When a French multimission frigate failed to fire its salvo of three naval cruise missiles during last weekend’s joint airstrike on Syria, the military drew on a backup plan.
The frigate’s sister ship, the Languedoc, instead launched its naval cruise missiles at the three Syrian targets. The mission was the first time France fired its naval cruise missile, a weapon which up until then only the British and U.S. had fired against a threat.
“The first salvo did not fire,” Army Col. Patrick Steiger, spokesman for the French Joint Chief of Staff, told Defense News on April 18.
The launch by a backup ship is part of France’s standard “redundancy” approach, the spokesman said.
“All the targets were hit,” he added. “The military effect was obtained.” That effectiveness led the commanders to decide there was no need for a second strike of naval cruise weapons, he explained.
It is unknown what caused the technical problem, but the misfire will be investigated, the spokesman said.
The French Navy and MBDA, the missile manufacturer, were not immediately available for comment.
A newsletter, Lettre A, reported a “technical hitch” had prevented the planned first launch.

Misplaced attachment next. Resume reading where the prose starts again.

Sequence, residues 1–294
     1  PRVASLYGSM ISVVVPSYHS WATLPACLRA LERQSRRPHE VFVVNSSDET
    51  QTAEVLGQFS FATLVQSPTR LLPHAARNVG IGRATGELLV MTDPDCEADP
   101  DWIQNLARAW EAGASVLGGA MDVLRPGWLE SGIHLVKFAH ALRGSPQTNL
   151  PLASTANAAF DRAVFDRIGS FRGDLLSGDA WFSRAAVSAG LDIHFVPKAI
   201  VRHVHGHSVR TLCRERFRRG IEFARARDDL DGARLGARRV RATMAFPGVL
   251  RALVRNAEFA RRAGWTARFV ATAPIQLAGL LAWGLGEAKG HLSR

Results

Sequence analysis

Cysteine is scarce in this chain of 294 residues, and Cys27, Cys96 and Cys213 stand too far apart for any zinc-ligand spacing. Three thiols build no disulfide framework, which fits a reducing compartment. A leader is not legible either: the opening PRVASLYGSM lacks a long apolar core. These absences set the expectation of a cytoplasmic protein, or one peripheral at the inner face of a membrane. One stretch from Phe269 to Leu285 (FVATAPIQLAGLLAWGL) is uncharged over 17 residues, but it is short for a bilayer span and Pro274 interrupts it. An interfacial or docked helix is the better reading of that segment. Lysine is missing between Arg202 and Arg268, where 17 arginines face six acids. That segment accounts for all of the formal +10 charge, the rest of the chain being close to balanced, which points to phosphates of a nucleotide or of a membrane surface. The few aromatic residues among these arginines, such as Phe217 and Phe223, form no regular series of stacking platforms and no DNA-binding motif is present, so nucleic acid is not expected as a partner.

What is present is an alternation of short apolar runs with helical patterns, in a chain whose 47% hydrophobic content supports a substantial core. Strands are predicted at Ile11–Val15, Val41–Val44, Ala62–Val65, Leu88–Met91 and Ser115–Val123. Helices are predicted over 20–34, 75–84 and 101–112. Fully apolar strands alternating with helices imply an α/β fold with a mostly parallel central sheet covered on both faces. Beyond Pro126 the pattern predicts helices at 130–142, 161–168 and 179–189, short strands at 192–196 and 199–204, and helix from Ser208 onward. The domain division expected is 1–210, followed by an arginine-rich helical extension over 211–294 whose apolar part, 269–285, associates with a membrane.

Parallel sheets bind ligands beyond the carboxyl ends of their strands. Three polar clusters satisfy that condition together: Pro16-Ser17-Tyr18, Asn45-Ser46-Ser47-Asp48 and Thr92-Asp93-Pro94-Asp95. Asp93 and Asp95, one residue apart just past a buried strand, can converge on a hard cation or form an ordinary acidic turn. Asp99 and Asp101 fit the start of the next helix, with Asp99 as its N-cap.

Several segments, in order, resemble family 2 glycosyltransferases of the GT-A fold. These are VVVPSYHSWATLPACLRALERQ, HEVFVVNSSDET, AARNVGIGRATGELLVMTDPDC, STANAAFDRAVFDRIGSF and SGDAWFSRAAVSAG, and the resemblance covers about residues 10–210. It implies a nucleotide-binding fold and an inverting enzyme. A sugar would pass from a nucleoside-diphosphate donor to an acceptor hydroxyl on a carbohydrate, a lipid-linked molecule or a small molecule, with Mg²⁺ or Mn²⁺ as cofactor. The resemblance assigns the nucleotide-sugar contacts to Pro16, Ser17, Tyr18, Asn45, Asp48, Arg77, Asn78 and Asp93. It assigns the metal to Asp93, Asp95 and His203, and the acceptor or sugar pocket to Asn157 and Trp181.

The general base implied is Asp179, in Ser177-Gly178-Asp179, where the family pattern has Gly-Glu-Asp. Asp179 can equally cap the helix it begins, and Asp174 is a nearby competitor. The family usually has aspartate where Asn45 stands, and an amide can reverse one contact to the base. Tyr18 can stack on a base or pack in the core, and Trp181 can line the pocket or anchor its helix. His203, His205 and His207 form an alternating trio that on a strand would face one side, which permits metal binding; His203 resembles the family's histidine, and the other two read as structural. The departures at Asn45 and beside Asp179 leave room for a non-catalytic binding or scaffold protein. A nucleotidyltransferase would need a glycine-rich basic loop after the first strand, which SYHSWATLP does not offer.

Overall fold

The spokesman declined to comment on why the French Air Force did not fire a 10th cruise missile, as reported by website Le Mamouth.
The Air Force declined comment. Each of the five Rafale fighter jets on the mission carried two Scalp cruise weapons, of which nine were fired.
The importance of a naval cruise missile lies in the weapon adding a “further operational option, greater flexibility to commanders,” said François Lureau of consultancy EuroFLconsult and former chief of the procurement office. That naval weapon offers an alternative to an airborne cruise missile, which requires support from airborne warning and control systems on spy planes and in-flight refueling.
That list of strike options is due to extend as France plans to deploy the naval cruise missile on the Barracuda nuclear-powered attack submarine, the first of class due for delivery next year.
The three shipborne and nine airborne cruise weapons were the French contribution to the total 105 long-range missiles fired by Britain, France and the U.S. in the early morning of April 14, seeking to punish Syria for the alleged use chemical weapons.
The French Navy deployed three multimission frigates on the mission: the Acquitaine, the Auvergne and the Languedoc.Mass arrests in German nationwide human trafficking raids